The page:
Robert, Jim and Charlie Crossfield, triplet brothers who are graduating from Archbishop Ryan High School before moving on to careers in the military services. (Photo by Sarah Webb)

Is there such a thing as service to country being part of one’s DNA?

That certainly seems to be the case of the Crossfield family who are members of St. Cecilia Parish in Philadelphia’s Fox Chase section. Triplets Charlie, Robert and Jim are all graduating from Archbishop Ryan High School this spring and entering programs toward possible careers in the military.

Jim been accepted into the U.S. Naval Academy in Annapolis; Robert is headed for the U.S. Military Academy at West Point and Charlie will follow the example of their two older brothers through a full Navy ROTC scholarship at Penn State University. John is on active duty with the Navy, while Joe is still in the Penn State ROTC program.

Through generations tracing back to their great-grandfathers and grandfathers, service to country by the Crossfield family includes World War I, World War II and the Korean War, according to Jim, the eldest of the triplets (by minutes). At Annapolis his planned course of study will be something his ancestors never heard about: aerospace engineering.

“I plan to spend a lot of time in the Navy,” he said. “I have always wanted to give back to hold up the Constitution, to be part of something bigger than myself. I give credit to my school and to my family to make me the person I am today.”

Actually getting an appointment to one of the service academies takes a lot more than a high score on a test, although all three brothers are members of the National Honor Society. Candidates must be well-rounded both intellectually and physically.

Robert, Jim and Charlie

For example Jim wrestled, played soccer and baseball, and was a member of the Future Engineers Club.

“We were all involved in community service at St. Cecilia,” he said.

Robert, who is headed for the Point, has already visited and shadowed a cadet and he is mentally already there to the point that he addresses lowly members of the fourth estate as “sir.”

“I really liked it there and can see myself as part of it,” he said. “I’m not sure what my MOS (Military Occupation Specialty) will be, infantry or artillery.”

Robert will enter with a class of 1,500 plebes knowing perhaps 1,200 will stay the course and graduate as second lieutenants, but he is determined to be among them.

At Archbishop Ryan he’s been a school ambassador, a member of Athletes Helping Athletes, played ice hockey and soccer, and is president of the American Heroes Club, a group he co-founded that honors those who have served their country in the military.

“I know that some people don’t realize all that we have comes at a cost,” he said. “I just want to do something to give back to the country I love so much and be part of something bigger than myself. Right now I’m thinking about a career in the service.”

While his parents are understandably proud of what their sons are doing, Robert emphasizes it is the brothers’ own decision.

“Our parents made clear to us that if this is something that you don’t want to do, don’t worry about it, we won’t persuade you.”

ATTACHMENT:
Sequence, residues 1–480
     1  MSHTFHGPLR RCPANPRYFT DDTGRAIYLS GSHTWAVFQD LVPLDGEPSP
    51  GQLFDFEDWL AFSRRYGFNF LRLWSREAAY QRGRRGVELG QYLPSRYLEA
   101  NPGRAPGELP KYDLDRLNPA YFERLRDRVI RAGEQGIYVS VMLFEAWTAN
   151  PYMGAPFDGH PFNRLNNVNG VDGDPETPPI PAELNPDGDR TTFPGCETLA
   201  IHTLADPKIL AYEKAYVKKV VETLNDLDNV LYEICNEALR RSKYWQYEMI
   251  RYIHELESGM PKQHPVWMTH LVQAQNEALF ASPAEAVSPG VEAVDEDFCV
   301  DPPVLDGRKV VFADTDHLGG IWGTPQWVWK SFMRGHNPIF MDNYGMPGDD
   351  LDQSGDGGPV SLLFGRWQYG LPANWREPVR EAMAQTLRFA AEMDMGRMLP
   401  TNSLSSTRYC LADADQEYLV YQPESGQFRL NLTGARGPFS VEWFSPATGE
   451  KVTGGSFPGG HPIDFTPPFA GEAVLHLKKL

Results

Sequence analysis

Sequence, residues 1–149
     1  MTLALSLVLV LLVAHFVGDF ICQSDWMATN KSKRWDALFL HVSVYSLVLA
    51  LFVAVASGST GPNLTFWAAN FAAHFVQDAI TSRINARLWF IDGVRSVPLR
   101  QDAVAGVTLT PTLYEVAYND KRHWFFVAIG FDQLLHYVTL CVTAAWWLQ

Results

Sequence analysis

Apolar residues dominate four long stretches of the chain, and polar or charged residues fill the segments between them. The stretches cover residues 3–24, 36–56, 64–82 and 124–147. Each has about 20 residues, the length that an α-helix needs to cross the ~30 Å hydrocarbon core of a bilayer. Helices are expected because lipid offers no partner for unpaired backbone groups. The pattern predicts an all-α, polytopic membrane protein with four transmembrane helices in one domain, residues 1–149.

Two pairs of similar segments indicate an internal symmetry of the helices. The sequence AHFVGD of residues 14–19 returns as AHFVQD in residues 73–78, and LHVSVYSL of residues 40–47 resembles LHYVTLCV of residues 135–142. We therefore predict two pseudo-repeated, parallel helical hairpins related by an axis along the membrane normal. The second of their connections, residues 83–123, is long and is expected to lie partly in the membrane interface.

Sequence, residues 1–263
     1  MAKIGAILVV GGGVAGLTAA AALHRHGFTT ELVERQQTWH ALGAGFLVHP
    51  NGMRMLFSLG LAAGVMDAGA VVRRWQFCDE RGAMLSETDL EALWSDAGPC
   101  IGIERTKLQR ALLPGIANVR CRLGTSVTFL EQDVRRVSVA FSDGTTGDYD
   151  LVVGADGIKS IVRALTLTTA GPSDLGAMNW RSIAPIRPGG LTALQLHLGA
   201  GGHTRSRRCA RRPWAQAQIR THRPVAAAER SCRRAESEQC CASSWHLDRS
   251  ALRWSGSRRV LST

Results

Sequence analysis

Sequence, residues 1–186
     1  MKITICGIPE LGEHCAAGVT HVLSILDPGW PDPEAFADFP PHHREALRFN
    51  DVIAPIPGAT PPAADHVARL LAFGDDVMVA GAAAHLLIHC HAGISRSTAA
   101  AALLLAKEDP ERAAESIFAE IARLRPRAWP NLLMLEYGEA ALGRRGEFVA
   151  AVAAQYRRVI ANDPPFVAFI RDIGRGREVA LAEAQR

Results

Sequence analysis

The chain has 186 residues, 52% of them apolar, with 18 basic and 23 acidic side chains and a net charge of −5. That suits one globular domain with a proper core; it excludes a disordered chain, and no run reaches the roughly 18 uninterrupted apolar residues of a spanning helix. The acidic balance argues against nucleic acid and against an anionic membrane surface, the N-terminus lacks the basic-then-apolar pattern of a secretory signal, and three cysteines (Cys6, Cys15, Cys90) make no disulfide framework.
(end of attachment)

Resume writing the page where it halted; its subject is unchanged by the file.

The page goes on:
Nevertheless, without persuasion there is the matter of family example. “My dad was a first responder after 9/11 trying to make a difference,” Robert said.

Charlie is following the path of their older brothers by attending Penn State on a Navy ROTC scholarship and majoring in nuclear engineering.

“My grandpop was in the Navy, so that’s where I got the idea,” he said. “My dad was in the Air Force and my older brothers were in ROTC, one for the Navy, the other for the Marines, and they just supported us.”

At Ryan Charlie wrestled, played soccer and was an ambassador as well as a member of the American Heroes Club. Right now he expects after ROTC he will serve at least five years on active duty and could make a career of it.

“I want to do surface warfare on a ship,” he said, “but we’ll see as I move on.” Regardless of his future role in the Navy, his parents “know how important it is for me,” he said.

Clearly the most important support for the three brothers as well as for their older brothers has been that encouragement from home.

Their father, Robert Crossfield, followed his four year-military service in England and North Dakota by joining the Philadelphia Fire Department, where he has just finished his 34th year.

You don’t have to be in active military service to be in harm’s way, and he has done that willingly over these many years, perhaps most dramatically when he served among the first responders who went to New York after the September 11, 2001 terrorist attacks.

“We spent nine days on what turned out to be a recovery effort, not a rescue effort,” Robert said. “I came back with an empty heart.”

He may also have come back with some lasting after effects because of exposure to potentially deadly fumes during that time working in the smoldering ruins. Not every hero is wearing a military uniform. Nevertheless Robert Crossfield Sr. is enormously proud of his children.

“They are respectful, they don’t take things for granted, they have been raised to respect what they have, earn what they have and have pride in their family tracing back to the grandparents and great-grandparents,” he said. “I’m very proud of their decision.”

Jim, Charlie and Robert